Mo better

Damn, life's a funny ol' female-dog, idn't she?
Here I am, back in Tucson, one of my favorite places in the U.S. of A., and also the place of one of my most bitter professional regrets.

I did a man wrong here one time.
I didn't mean to, and it didn't make much difference, but there it is. The man's name is Morris Udall, representative from Tucson, and the year was 1976.

Six--I think it was--Democrats were scrapping for the presidential nomination that year. Ol' Jerry Ford looked beatable. Among the less-likely contenders were Jimmy Carter, a former governor of Georgia with the charisma of a day-old pizza, and Mo Udall, an ace guy with the misfortune to be from Arizona (three electoral votes).

The New York Times Sunday Magazine was fixing to run profiles on each of these six candidates, and they called me to profile Udall--I think because I, in Texas, was the farthest-West journalist they'd ever heard of. Texas, Arizona--it all looks the same from New York.

In those days, I was what is known in our trade as "hungry," which is supposed to mean "feisty, ambitious, willin' to go after a story like a starvin' dog."

Actually, I was plain hungry: six years at The Texas Observer left me below the poverty line, and I jumped at that assignment.

So I came over to Arizona and investigated Mo Udall's life, times, finances, family life, psychological health, and public record back to Year Aught.

I'll tell you now what I should have told you then: Morris Udall is a man of exceptional decency, integrity, courage, honesty, and intelligence.

On top of that, he's funny. If you could have forced Congress to take a vote at that time just on the question of who was the finest human being then serving--secret ballot, no consequences, just vote your conscience--I swear to you that Udall would have won hands down.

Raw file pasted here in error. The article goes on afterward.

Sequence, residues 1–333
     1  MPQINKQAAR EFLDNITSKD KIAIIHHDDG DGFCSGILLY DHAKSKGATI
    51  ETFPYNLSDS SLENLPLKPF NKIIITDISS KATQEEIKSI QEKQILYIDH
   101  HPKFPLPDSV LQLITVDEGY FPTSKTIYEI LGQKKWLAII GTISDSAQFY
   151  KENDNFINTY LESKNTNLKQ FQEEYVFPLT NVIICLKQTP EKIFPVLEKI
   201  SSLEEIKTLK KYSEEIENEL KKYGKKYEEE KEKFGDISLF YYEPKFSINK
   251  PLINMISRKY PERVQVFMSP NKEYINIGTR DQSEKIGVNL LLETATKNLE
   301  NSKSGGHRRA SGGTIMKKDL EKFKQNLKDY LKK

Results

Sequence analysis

And did I report this? Hell, no. I was looking for warts; I wanted dirt.
Besides, I was afraid of being conned, of looking like a naive hick. I dug through his campaign contributions. (I found union money! Do you know how brave you have to be to support unions in Arizona?) I dug through his psycho-history. (The Udalls are a famous Mormon family. Mo split from the church and became a Jack Mormon after commanding an all-black troop in the Army). I wrote about his being one-eyed. (At one point, he was a one-eyed professional basketball player--some handicap.)

Faced with the disgusting reality of a truly decent politician, I did my dead-level best to be nasty. I didn't cut him an inch of slack; I thought that was my job, the way they did it in the big leagues.

My grudging report that I hadn't been able to find anything actually wrong with Udall duly appeared in print. Imagine my surprise when The New York Times' famed political correspondent R.W. Apple followed my reserved appraisal of Udall with a puff piece about Jimmy Carter. (Johnny Apple, you know perfectly well that was a puff piece.)

Every venial sin of Udall's that I had held up to the merciless light of day, Apple glossed over gaily in the case of Carter. The profiles appeared from one Sunday to the next, but the politicians described in them were not judged by a single standard.

To put it mildly.
Well, Jimmy Carter turned out to be a man of character and decency, too--he just wasn't much of a politician, and Mo Udall was a good one.

My continuing regret is that what I wrote was accurate, but it wasn't true. I was trying so hard to prove I could be a major-league, hard-hitting journalist that I let the real story go hang itself.

The real story is the sheer decency of Morris Udall. When I am asked if there are any heroes left in politics, I always think of Udall. He's retired now, victim of a sad, slow, wasting disease.

I suppose you could say that Udall is to Arizona liberals what Barry Goldwater is to Arizona conservatives: an incurably honest man of principle.

Or you could say that Morris Udall is to Arizona liberals what Ev Mecham is to Arizona kooks.

I think he'd like to have it end with a joke.
As though political bias, racism, and inferred anti-Semitism weren't enough, Bob Dole has also exploited a weakness of his rival, Senator Phil Gramm.

Gramm would have been there firstest with the mostest in the Bash Hollywood Bowl had it not been for the unfortunate fact that somebody (let's hear it for Dole's oppo-research team) leaked that Gramm once invested $7,500 in a porno flick.

Sometimes that Bob Dole is just so deliciously wicked, one does have to chuckle.

Still, as I said when Dan Quayle brought all this up a few years ago: "He may be a doofus, but he has a point."

In truth, a lot of art is about sex and violence, but it can be treated with sensitivity, seriousness, beauty, and high purpose.

Molly Ivins is a columnist for the Fort Worth Star-Telegram. Copyright 1995 Creators Syndicate, Inc.

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Molly Ivins